What really causes infertility? Learn 18 causes of female infertility and 9 causes of male infertility, including diet and lifestyle factors that are rarely discussed, but are hugely important for reproductive health!
Note from Dena: This post was written by Sarah Kaufman, Dietetic Intern, as part of a research partnership between Back To The Book Nutrition and post-graduate nutrition students from the University of Houston.
In the U.S., more and more women are waiting longer to try to have babies. Many of us already know age is one of the main factors influencing a woman’s ability to have a baby, but there are also other factors that can affect fertility including hormonal imbalances, obesity, and thyroid disorders... just to name a few.
While infertility is usually thought of as a woman’s disorder, this is a common misconception. One third of infertility is attributed to women, another third to men, and a final third is thought to be caused by a combination of problems in both partners. Looking for causes of male infertility? Scroll down!
What Really Causes Infertility?
18 Female Infertility Causes
1. Not Ovulating
In order to get pregnant a woman needs functioning ovaries, fallopian tubes, and a uterus. If any of these organs aren’t working properly it can lead to infertility.
Anovulation is when ovulation doesn’t take place. It’s important to note that a woman can bleed during her monthly period and NOT be ovulating. In fact, recent research showed that approximately 1/3 of the time, a woman who has “normal” monthly periods doesn’t ovulate. (5) If a woman has frequent anovulation, this can lead to infertility.
Reasons for anovulation:
- Polycystic ovarian syndrome (PCOS) is a leading cause of infertility and may be caused by an abnormal interaction between insulin and luteinizing hormone (LH). Women with PCOS have a normal number of eggs, but their eggs do not mature the way they are supposed to. Learn more about PCOS here (link to PCOS article)
- Diminished ovarian reserves (DOR) occurs when there are fewer eggs in the ovaries than normal.
- Functional hypothalamic amenorrhea (FHA) is caused by excessive exercise, stress, undereating in general or undereating of carbohydrates, or low body weight, and can be linked with eating disorders such as anorexia which can cause periods to stop.
- Improper function of the hypothalamus and pituitary glands – Normal function of the ovaries is controlled by hormones produced by the hypothalamus and pituitary glands. When too much prolactin hormone (used to help women produce milk after childbirth) is produced it may cause a woman to not ovulate leading to infertility.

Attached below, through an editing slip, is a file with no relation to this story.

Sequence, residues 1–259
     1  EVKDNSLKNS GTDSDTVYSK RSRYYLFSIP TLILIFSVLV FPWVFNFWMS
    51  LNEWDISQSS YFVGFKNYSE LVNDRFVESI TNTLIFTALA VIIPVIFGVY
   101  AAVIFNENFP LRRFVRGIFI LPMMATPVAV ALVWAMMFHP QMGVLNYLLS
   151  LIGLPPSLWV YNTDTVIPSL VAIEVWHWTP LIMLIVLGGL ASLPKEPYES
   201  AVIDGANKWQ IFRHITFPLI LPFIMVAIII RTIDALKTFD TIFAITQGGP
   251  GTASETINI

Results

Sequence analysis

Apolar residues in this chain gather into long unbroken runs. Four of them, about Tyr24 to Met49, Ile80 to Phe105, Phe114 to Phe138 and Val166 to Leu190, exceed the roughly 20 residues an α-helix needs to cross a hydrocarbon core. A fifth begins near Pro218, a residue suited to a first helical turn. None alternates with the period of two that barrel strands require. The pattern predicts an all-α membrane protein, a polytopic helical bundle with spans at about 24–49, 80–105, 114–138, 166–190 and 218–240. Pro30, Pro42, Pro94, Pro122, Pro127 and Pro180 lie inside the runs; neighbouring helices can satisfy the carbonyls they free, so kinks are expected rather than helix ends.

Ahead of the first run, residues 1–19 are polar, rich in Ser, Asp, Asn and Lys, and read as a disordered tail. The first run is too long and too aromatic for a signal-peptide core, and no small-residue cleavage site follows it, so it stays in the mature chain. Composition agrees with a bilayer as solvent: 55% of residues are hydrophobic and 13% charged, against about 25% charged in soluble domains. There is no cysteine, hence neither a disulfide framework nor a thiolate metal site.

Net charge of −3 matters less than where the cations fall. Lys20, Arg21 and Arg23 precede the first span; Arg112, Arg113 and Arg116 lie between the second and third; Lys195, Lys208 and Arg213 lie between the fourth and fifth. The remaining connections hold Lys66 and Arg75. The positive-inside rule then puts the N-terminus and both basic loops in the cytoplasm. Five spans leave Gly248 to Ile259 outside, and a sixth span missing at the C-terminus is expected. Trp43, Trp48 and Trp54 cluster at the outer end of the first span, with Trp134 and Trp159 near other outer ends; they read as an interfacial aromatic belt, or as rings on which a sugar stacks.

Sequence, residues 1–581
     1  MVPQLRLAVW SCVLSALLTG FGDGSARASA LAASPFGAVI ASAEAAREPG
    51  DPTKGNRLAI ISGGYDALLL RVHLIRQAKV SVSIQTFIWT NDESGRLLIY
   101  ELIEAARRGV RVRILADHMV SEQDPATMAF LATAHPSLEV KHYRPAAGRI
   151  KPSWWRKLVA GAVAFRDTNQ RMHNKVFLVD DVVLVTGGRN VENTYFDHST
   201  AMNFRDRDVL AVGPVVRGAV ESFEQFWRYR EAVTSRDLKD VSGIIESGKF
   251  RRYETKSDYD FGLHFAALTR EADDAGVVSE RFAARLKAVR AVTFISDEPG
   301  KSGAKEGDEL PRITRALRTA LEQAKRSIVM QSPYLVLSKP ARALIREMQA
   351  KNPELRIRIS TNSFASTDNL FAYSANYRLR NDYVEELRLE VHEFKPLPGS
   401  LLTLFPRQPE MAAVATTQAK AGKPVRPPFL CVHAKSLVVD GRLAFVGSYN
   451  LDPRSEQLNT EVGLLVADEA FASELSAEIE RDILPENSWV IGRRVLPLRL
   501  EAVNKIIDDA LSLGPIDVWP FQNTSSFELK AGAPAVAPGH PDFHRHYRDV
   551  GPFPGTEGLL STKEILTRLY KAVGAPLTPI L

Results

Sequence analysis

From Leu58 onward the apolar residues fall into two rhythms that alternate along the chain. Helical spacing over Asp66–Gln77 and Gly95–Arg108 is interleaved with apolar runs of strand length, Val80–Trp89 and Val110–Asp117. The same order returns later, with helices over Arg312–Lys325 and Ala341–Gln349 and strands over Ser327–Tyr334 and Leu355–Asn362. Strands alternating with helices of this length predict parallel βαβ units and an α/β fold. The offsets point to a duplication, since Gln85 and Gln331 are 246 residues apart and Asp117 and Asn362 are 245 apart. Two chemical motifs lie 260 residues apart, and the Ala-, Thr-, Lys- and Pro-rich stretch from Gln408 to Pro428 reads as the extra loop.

- Premature ovarian insufficiency (POI) or premature menopause is when a woman’s ovaries fail before the age of 40. Chemotherapy or pelvic radiation may cause POI.
- Perimenopause/Menopause that cause a decline in ovarian function usually beginning around age 45-50.
- Nutrition and Lifestyle Factors outlined in greater detail below.
2. Fallopian Tube Obstruction
Fallopian tube obstruction – or tubal occlusion – is when an egg is unable to reach the uterus and sperm cannot reach the egg preventing the egg from being fertilized. A common cause of tubal occlusion is a history of gonorrhea or chlamydia.
3. Uterine Abnormalities
The uterus(womb) should be evaluated as part of a routine infertility investigation checking for polyps, fibroids, and structural abnormalities. (1)
Egg supply declines with age and aging also affects the quality of eggs. Hormones may also be affected by aging leading to difficulty conceiving.
- By age 35 – significant decrease in fertility
- By age 40 – 50% lower fertility
5. Imbalances in the Vaginal Microbiome
The vaginal microbiome – the balance of “good” and “bad” bacteria in the vagina – plays a key role in balancing the bacteria in conception and healthy pregnancy outcome.
Vaginal yeast infections, bacterial baginosis (BV), Pelvic Inflammatory Disesase (PID), and sexually transmitted diseases (STDs) are all signs of imbalance in the vaginal microbiome and have been linked to reduced fertility and poorer pregnancy outcomes such as low birth weight and miscarriage. (6) If these are recurrent, it’s very likely they stem from bacterial imbalances in the gut microbiome, and testing and addressing the gut imbalance may be necessary to fully overcome the vaginal imbalance.
Polycystic Ovarian Syndrome (PCOS) is believed to be the most common causes of female infertility. Contrary to the conventional medical approach to suppressing PCOS symptoms (i.e., putting a woman on the pill, which we know does nothing to repair the root cause of the condition and can lead to serious side effects), this condition is highly responsive to diet, supplements, and lifestyle approaches.